Belfast Telegraph

Monday 22 September 2014

Ban on political advisers with jail record set to fail

Traditional Unionist Voice leader Jim Allister
Traditional Unionist Voice leader Jim Allister

A senior Sinn Fein official whose job was under threat from a Bill stopping special advisers with criminal convictions holding Stormont posts looks set to be rescued by the SDLP.

Traditional Unionist Voice MLA Jim Allister's Private Member's Bill survived the 'further consideration' stage – the last chance for opponents to substantially change it.

The TUV leader (below) introduced the Bill in the aftermath of Sinn Fein's controversial appointment of convicted IRA killer Mary McArdle almost two years ago.

However, it now appears that the Bill will fall at the last hurdle after the SDLP strongly suggested the party would use a petition of concern to stop it becoming law.

The party had said it couldn't support Mr Allister's Bill unless its amendments were accepted yesterday – and none was.

"I don't think that we can be persuaded to live with the legislation," SDLP MLA Dominic Bradley told the BBC.

"We've made every attempt that we possibly could to shape this into good law, that hasn't been successful and I think at this stage we are considering supporting a petition of concern."

A petition of concern requires 30 MLAs' signatures. It triggers a vote that needs a majority of both unionists and nationalists, meaning the Bill would be stopped.

There was pressure on Sinn Fein to remove Paul Kavanagh. But the SDLP move means that the position of Mr Kavanagh, who has been a special adviser to Deputy First Minister Martin McGuinness for several years, could be saved.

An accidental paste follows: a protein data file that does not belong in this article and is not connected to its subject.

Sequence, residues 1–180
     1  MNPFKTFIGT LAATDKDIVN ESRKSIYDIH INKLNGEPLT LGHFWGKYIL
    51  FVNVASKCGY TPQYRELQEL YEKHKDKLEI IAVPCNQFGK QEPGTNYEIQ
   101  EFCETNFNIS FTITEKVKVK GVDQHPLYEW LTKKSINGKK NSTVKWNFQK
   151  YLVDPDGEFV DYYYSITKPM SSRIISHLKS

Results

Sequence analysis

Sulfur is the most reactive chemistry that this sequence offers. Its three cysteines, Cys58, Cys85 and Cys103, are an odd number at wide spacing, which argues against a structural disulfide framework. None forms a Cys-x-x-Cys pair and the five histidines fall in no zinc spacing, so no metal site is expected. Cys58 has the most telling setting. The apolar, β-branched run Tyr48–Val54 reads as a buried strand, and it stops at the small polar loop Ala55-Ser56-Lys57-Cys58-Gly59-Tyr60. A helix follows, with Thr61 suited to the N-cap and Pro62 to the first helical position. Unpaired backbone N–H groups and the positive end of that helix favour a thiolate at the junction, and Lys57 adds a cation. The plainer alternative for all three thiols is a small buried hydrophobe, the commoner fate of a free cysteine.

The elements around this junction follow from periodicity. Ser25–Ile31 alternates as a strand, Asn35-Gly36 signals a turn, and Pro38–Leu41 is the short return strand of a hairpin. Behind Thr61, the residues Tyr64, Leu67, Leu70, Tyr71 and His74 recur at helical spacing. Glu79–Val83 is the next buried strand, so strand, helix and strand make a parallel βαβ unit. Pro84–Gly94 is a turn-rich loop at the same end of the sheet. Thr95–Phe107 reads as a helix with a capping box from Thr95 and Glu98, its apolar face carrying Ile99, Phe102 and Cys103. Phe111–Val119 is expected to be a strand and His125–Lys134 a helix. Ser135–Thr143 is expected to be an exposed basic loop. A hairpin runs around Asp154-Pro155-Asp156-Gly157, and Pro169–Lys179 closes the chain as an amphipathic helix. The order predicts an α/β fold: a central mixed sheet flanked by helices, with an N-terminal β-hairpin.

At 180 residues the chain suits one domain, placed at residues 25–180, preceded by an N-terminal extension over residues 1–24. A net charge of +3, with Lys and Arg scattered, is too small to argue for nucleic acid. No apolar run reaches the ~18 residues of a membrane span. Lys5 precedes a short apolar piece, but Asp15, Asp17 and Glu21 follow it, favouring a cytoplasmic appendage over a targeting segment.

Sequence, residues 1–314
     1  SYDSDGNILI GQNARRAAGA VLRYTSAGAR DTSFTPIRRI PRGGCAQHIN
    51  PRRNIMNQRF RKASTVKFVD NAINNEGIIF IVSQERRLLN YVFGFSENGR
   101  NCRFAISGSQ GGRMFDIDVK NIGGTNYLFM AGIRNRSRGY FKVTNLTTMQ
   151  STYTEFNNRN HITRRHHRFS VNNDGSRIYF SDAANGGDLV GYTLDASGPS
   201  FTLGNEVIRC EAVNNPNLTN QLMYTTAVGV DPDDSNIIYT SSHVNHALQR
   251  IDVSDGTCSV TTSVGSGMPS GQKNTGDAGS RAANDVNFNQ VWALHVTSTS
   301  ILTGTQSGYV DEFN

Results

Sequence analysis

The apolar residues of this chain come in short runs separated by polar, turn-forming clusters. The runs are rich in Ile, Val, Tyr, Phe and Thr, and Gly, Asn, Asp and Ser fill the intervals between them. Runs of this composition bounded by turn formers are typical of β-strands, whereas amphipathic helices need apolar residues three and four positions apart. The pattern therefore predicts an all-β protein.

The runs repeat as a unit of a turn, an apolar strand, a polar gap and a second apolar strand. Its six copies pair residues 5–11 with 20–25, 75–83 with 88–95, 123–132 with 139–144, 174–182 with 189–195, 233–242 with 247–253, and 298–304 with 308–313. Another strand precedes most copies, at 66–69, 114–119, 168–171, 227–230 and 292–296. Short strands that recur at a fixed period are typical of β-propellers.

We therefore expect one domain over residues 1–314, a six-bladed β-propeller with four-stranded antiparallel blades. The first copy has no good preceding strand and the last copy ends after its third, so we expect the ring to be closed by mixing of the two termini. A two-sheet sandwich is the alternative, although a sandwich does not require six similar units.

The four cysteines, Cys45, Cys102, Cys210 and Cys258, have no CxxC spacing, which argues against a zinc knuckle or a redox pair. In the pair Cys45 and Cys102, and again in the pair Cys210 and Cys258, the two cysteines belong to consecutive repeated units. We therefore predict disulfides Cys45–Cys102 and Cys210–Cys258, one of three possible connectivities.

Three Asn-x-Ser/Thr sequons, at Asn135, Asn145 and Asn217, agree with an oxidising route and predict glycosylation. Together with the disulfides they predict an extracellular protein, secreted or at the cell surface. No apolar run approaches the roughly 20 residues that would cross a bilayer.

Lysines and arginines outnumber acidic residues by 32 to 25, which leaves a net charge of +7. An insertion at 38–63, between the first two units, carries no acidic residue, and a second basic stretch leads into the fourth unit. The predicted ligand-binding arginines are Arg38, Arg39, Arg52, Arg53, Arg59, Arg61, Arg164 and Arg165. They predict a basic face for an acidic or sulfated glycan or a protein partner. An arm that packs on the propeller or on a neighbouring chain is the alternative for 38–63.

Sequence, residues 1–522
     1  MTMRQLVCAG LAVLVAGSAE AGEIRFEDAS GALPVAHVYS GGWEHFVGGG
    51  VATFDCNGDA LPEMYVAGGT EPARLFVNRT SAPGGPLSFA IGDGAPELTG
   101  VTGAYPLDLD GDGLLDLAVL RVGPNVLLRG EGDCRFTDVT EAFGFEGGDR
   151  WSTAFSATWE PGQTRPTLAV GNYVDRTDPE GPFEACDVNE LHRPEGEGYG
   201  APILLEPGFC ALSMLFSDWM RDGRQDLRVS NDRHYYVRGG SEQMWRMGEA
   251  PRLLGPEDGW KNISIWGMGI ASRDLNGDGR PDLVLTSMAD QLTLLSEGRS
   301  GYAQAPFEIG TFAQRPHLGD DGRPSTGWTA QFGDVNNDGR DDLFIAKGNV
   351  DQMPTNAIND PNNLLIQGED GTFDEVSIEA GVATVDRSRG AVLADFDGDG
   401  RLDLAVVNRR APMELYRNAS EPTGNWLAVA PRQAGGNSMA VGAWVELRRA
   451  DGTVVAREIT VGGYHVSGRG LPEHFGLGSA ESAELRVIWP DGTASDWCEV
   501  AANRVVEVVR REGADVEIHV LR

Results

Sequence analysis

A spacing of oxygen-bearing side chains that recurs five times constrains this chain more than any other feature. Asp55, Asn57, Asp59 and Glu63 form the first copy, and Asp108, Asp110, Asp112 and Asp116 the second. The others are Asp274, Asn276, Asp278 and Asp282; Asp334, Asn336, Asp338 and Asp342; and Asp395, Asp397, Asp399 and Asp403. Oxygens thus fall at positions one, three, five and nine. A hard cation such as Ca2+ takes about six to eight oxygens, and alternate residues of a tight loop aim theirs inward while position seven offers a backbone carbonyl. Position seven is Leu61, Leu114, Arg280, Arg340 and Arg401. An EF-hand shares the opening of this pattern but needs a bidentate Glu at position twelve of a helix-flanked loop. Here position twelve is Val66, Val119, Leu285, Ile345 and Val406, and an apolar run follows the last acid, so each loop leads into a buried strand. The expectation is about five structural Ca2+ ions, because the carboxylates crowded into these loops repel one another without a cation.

Mr Kavanagh, married to MEP Martina Anderson, was convicted of carrying out IRA bomb attacks in London during the 1980s, including the Chelsea Barracks bomb in which two passers-by were killed.

He is believed to be the last adviser in position who has a terrorist conviction. Sinn Fein last year moved McArdle, who was an adviser to Arts Minister Caral Ni Chuilin. As a special adviser – or 'Spad' – his salary could be up to £90,000.

Two Sinn Fein special advisers have already been subject to new vetting procedures introduced separately by Finance Minister Sammy Wilson. Aine McCabe and Jarlath Kearney (who replaced Ms McArdle) were both checked for criminal convictions, but have none.

Mr Wilson said a "great wrong" had been committed by the appointment of Ms McArdle, who was replaced after public outrage.

The Bill was subjected to more than 10 amendments, including from Mr Allister.

story so far

Hardline unionist Jim Allister introduced a Private Member's Bill in November 2011 following public outrage over the appointment of Mary McArdle as a special adviser at Stormont. Ms McArdle (48) was convicted for her role in the IRA ambush of magistrate Tom Travers as he and and his family emerged from church – an attack in which his daughter Mary was shot dead. McArdle, freed under the terms of the 1998 Good Friday Agreement, was appointed as special adviser to Arts Minister Caral Ni Chuilin in 2011.

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